Great Flats Nature Trail

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Great Flats Nature Trail
Great Flats.jpg
Trail entrance sign
Length 4 mi (6 km)
Location New York, United States
Use Recreation and Natural History
Hiking details
Trail difficulty Easy
Season All year round
Sights Variety of birds and other wildlife
Hazards Deep mud and open water

The Great Flats Nature Trail is a protected wetland habitat mostly located in the town of Rotterdam, New York, United States. It is situated just west of the city of Schenectady on West Campbell Road (NY 337).

History[edit]

The Great Flats date back to 1661 when Van Curler, a statesman from Schenectady, New York along with 14 other persons applied to Peter Stuyvesant, the Dutch Director-General of New York for permission to buy a tract of land known by its Dutch name of Groote Vlachte, (Great Flats) from the Indians.[1]

The area was originally an alluvial tract of land alongside the Mohawk River and contained several hundred acres of land. At that time it was a mainly cleared area which held water well enabling crops to be grown but had good drainage to prevent flooding. The area was settled by the Dutch and many farmsteads were set up [2]

As the towns of Schenectady and Rotterdam grew, the area became an important source of water for the towns in 1897 the first public wells were installed to utilize the Great Flats aquifer.[3] and still remains so today drawing more than 54 million gallons a day.

In the 1960s a proposal was put forward to build a shopping mall called Rotterdam Square Mall on the land. The building of the mall was dogged with controversy when it was first proposed. The area was at the time a nature preserve and environmental groups were concerned that the building of the mall would endanger wildlife and pollute the wet lands. Eventually a permit was given containing numerous deed restrictions These restrictions, were put in place in order to protect this critical area, prohibit any further construction or excavation activities, improvements or changes of any kind or nature, except as permitted by the Department of Environmental Conservation (DEC) for a wildlife sanctuary, park, and nature trails.[4]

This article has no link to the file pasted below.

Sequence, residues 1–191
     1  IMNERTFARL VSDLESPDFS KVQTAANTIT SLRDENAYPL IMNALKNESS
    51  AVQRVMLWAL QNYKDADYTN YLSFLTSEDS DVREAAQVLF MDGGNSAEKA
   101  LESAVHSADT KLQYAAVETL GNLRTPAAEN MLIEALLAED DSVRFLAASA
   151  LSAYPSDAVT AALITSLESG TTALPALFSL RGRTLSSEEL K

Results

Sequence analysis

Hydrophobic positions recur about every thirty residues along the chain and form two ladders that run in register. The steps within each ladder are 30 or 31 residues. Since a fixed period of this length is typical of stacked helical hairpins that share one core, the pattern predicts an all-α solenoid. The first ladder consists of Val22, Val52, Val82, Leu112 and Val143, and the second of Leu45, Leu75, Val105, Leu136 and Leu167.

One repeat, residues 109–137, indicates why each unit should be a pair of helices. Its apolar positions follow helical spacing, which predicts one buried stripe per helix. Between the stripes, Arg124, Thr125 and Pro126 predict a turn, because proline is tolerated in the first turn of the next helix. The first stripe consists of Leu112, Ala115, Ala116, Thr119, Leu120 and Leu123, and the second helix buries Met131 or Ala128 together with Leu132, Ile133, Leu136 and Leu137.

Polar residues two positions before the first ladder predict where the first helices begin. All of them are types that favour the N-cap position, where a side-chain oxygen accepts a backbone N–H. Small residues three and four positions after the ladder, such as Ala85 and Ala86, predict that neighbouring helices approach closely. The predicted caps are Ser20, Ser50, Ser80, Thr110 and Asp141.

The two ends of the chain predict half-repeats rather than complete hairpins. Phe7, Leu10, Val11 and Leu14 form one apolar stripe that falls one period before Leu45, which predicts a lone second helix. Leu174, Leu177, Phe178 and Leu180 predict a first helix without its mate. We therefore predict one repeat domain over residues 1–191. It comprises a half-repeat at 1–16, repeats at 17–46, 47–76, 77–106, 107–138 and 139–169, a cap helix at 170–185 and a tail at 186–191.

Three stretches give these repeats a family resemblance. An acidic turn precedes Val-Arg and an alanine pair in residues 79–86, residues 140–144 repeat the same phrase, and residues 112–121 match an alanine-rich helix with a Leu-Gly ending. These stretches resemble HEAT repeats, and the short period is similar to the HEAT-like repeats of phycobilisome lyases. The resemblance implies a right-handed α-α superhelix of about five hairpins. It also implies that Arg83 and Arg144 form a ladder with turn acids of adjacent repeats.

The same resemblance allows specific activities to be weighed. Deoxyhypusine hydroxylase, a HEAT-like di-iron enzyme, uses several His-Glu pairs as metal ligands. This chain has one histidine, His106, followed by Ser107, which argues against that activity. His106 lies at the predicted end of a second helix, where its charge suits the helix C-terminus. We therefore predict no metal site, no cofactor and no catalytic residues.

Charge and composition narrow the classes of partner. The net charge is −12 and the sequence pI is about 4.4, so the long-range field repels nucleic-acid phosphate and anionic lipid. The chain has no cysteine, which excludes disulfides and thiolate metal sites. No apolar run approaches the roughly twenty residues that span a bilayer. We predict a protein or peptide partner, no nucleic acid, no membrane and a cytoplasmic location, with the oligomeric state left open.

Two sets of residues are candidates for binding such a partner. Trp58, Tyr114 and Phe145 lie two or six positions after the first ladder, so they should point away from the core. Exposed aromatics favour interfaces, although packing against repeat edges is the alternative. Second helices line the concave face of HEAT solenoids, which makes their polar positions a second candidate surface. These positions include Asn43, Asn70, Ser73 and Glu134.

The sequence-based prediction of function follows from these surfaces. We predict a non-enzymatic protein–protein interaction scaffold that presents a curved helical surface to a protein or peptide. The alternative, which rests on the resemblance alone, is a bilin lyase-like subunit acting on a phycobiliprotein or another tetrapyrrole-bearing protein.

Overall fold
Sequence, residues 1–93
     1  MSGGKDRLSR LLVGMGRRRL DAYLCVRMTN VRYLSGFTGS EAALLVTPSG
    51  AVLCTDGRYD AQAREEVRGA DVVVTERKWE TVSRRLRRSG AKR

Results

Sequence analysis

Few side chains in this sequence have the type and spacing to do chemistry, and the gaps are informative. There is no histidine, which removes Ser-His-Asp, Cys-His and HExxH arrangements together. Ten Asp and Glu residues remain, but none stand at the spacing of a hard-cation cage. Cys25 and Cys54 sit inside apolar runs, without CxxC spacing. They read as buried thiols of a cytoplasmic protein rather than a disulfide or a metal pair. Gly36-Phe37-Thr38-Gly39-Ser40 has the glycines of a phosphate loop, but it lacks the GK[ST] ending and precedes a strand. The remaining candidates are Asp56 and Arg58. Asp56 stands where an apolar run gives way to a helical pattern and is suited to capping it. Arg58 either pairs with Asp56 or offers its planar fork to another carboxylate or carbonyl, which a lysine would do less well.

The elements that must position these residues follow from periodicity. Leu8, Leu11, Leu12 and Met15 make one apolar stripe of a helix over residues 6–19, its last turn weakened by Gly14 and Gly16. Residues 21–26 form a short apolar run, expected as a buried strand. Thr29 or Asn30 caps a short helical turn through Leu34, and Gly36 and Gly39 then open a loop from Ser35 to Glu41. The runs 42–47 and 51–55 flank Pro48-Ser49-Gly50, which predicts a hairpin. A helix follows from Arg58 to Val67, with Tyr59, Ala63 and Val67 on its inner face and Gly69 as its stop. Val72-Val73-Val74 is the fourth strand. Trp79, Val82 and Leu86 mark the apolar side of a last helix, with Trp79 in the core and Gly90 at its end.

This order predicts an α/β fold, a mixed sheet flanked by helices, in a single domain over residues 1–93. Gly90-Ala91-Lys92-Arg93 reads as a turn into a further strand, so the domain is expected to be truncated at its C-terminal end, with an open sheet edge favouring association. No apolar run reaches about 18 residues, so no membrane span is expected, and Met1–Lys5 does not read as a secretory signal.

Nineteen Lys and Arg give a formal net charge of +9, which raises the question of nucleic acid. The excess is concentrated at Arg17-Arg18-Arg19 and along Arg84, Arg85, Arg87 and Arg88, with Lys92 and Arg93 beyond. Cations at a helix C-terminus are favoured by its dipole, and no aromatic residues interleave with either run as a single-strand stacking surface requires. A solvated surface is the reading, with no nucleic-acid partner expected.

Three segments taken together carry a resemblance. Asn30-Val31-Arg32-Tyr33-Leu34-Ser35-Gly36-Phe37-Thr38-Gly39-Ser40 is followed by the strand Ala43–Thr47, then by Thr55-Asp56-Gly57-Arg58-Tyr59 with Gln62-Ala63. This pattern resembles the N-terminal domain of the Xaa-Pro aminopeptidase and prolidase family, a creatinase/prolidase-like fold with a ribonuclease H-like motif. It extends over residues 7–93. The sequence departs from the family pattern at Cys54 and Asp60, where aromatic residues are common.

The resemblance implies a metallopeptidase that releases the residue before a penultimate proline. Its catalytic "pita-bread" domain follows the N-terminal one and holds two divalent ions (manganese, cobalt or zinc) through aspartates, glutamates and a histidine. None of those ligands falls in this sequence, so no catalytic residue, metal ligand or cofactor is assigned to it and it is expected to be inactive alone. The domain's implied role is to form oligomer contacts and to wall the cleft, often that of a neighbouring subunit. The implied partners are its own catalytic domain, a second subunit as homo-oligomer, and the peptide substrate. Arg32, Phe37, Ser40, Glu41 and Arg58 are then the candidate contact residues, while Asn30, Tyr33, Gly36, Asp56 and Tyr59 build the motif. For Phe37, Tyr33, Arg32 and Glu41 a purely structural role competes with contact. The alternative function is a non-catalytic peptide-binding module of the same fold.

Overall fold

Today, the area has been tided up and contains a variety of protected habitats for both woodland and wetland species of animals and birds. There is however constant pressure to develop land adjacent to the preserve and many environmental groups are involved in protecting it.[5]

Status[edit]

The Great Flats Nature Preserve is classed as containing Class I wetland; Class I is the most environmentally sensitive of the five wetlands classifications. Wetlands serve as filters which remove pollutants from surface water and are important for the purity of aquifer water as well as for the health and cleanliness of the river.[6]

The trail[edit]

From the trailhead, a well-defined path is followed through woodland displaying a variety of plants and trees. The wooded area eventually gives way to wetlands and a small lake. Here the path becomes a boardwalk round the lake. The trail is a circular route of about 3 miles (4.8 km) total, there are several small side paths taking the total trail length to about 4 miles (6.4 km).

Natural history[edit]

The area provides both dry wood and wetland habitats that support many species of trees, plants, animals and insects. Many of the animals whilst not rare or endangered are found locally only in this area.

See also[edit]

References[edit]

  1. ^ The History of Schenectady County. Barhyte & Birch. 1887. 
  2. ^ "Dutch Barns on the Great Flats". Skenectada. 1 (1): 3. Fall 2005. 
  3. ^ Schenectady County planning,
  4. ^ Minute of Schenectady City meeting 12/11/06
  5. ^ "Providing additional protection to wetlands in New York State". Sierra Club Hudson/Mohawk Group Newsletter. 28 (4). May 2004. 
  6. ^ Minute of Schenectady City meeting 12/11/06

External links[edit]

Coordinates: 42°48′47″N 73°59′00″W / 42.813159°N 73.983393°W / 42.813159; -73.983393